My daughter told me a few years ago that she “felt some kind of way” about Malcolm X. That “some way” was all about resisting his strategy and radical stage in history.
Long story short, by the time we were finished talking, she understood he was no more radical as the world around him, yet he was scorned and punished for the same thought process of the masterminds of the degradation of black people.
“I get it,” I told her, but without Malcolm, there would have been no Martin as we know him.
With her big brown eyes and braided hair, she stared at me as if she were figuring the logistics of how this could be true. She was about 9 years old, I think, at that time. Now, at 11, she can recite back why, how and what Malcolm X stood for and why the fire that lights his eyes in a portrait that hangs in my office makes her heart drop each time you glance at it.
But at first, she thought, “Did he feel nothing in his heart, Ma?” she said. I responded to her “He felt everything, in his heart, Nile”. I said something else to the effect of, “You know how Daddy feels about us? You know, if someone bumps us at the mall or treats us rudely, he gets all worked up as if we are royalty being gravely mistreated?” She laughed and said, “oh yes.” I said, ‘Malcolm was like that.’ He did not set out to “beat the brakes” off white people, but he moved very swiftly into a place of leadership, with strong forces behind him, to make his message as scarily true and real for white America as it was for Black folks.
In the first basketball game of the Golden State Warriors versus the Cleveland Cavaliers, in the current NBA Finals, LeBron James’ eyes, facial expression and body language changed when the game went into overtime. It was as if he was so shocked by the tightness of the game in points that he turned into a different kind of warrior. His eyes were beastly as if his life depended on a win. The end result was what mattered; no gray area in between. That’s basketball. Yet, this is life.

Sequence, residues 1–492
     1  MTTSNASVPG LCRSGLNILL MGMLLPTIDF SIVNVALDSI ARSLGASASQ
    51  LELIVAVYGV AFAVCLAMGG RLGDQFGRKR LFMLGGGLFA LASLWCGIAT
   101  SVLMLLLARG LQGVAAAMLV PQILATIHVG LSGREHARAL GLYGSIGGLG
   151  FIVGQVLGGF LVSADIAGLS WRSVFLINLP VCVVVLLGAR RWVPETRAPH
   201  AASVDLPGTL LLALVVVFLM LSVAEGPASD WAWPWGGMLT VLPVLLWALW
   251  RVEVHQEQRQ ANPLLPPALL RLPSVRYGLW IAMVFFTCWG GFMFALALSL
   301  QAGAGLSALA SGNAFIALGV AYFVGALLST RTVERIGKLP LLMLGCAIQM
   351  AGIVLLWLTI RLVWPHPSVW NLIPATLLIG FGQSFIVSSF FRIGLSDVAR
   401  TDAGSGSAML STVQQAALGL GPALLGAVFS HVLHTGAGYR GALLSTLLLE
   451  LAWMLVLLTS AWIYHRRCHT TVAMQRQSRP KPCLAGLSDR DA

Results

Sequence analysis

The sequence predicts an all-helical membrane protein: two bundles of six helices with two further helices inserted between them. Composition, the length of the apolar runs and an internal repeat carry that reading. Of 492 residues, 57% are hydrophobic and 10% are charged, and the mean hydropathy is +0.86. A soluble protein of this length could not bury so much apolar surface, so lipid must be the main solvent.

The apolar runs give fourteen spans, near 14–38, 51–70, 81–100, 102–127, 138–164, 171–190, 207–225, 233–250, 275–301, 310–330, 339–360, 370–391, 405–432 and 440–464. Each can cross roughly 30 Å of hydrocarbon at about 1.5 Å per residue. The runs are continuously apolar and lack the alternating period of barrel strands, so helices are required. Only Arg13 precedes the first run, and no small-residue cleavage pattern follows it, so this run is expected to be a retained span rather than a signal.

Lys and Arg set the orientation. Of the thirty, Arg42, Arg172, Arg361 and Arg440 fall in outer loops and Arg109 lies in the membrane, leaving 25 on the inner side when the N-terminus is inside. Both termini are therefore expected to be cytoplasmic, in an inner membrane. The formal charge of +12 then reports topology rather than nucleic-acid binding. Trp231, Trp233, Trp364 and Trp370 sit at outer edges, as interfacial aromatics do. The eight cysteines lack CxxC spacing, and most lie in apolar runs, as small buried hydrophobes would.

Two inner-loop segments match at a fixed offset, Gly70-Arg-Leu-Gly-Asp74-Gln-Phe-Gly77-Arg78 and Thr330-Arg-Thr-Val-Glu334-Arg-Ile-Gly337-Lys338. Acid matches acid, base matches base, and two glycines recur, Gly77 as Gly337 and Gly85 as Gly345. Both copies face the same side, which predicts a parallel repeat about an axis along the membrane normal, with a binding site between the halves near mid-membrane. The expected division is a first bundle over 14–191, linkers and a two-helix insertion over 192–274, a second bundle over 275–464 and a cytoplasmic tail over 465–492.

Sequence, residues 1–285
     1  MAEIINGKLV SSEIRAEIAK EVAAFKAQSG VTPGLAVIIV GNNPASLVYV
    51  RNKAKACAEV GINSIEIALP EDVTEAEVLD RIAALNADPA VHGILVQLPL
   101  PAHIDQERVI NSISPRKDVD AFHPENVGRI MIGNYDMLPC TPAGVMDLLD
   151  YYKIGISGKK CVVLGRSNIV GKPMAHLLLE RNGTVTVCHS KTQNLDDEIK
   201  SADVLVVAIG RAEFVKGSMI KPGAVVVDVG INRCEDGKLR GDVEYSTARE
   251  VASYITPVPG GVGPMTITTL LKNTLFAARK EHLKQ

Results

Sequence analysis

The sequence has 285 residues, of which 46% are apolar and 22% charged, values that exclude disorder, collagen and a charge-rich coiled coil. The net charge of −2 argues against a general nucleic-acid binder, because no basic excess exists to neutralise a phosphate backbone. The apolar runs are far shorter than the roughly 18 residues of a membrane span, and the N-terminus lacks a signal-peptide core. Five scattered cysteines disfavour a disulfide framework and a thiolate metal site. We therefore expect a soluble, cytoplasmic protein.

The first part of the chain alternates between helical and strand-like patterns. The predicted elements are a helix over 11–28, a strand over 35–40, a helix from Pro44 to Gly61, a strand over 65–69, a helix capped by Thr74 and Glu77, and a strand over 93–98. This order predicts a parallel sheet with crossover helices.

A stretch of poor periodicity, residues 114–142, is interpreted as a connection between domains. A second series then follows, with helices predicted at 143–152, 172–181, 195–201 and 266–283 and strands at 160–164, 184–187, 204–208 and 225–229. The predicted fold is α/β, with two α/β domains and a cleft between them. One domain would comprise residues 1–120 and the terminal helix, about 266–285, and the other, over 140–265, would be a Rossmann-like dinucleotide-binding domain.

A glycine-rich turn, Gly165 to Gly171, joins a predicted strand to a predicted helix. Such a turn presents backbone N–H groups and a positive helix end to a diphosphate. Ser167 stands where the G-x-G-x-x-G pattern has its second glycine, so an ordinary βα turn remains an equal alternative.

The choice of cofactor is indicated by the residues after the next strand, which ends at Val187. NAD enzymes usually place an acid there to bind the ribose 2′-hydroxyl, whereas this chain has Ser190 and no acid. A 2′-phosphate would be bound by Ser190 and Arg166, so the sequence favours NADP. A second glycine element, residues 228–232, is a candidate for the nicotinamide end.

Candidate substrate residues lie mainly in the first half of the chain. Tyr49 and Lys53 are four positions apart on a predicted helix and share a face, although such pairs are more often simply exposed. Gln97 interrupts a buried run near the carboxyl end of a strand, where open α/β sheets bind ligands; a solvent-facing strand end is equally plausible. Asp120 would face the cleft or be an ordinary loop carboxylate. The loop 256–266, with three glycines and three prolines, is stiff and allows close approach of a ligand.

Malcolm X had little black girls of his own to raise and lived in a time where little black girls were burned alive in random church bombings all across the States.
Drinking from the same water fountain as whites was a crime and even now swimming in a pool with white people seem to be a major problem. Yes, even in 2015.
As I watched the video footage of the most recent viral outrage in true reality tv and social media, “cops versus black people,” I quickly grabbed the video as it was unfolding and showed it to my family. We sat there with mouths wide open. The color spectrum in our family ranges from white to black and all in between. It’s a ‘rainbow coalition,’ my family. We look scarily alike in the face, mannerisms and body structure yet the colors of our skin is vastly different.